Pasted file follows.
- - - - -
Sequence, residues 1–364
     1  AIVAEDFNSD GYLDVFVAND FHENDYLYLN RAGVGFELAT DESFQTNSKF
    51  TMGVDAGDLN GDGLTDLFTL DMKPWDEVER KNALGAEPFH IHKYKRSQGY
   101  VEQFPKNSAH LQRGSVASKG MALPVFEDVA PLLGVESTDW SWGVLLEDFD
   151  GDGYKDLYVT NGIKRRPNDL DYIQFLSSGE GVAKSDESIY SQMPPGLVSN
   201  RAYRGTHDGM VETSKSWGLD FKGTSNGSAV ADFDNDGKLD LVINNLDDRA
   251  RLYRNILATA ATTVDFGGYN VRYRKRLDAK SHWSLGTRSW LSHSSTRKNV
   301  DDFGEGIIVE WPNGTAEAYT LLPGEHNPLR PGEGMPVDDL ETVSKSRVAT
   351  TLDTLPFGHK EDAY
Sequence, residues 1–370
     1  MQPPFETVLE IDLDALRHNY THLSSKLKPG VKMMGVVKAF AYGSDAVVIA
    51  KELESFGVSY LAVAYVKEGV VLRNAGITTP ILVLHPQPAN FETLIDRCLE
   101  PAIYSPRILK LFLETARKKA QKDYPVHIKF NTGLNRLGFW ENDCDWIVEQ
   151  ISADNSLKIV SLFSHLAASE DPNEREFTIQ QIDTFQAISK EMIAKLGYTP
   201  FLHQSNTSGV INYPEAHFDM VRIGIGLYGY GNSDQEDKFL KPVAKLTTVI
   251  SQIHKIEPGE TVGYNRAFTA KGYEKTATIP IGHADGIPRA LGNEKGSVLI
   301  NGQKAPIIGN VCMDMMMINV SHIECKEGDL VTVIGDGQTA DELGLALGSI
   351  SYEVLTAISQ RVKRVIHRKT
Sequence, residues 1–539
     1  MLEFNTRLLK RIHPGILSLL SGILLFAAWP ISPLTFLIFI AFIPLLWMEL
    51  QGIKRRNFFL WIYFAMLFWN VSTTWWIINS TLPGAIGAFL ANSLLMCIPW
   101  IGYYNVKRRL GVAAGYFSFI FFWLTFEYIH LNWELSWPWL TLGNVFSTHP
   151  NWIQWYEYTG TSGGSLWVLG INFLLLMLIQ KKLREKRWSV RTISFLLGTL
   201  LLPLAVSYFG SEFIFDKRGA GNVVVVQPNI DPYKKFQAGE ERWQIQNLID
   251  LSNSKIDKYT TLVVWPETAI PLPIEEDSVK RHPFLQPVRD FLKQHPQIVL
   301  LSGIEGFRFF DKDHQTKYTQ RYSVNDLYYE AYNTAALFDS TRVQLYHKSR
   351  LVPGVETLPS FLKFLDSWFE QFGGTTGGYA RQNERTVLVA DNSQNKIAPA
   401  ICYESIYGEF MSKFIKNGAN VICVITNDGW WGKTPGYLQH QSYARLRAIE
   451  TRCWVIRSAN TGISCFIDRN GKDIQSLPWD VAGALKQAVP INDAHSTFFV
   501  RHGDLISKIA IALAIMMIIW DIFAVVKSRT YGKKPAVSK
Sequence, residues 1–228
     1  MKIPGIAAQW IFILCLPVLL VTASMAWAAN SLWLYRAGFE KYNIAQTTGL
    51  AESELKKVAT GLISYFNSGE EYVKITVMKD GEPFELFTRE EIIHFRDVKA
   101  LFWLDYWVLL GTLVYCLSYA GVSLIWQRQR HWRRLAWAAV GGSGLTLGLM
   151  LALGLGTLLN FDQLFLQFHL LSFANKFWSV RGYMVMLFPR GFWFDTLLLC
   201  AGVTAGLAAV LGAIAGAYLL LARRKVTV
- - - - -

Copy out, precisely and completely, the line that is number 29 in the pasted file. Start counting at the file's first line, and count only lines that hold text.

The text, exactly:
   451  TRCWVIRSAN TGISCFIDRN GKDIQSLPWD VAGALKQAVP INDAHSTFFV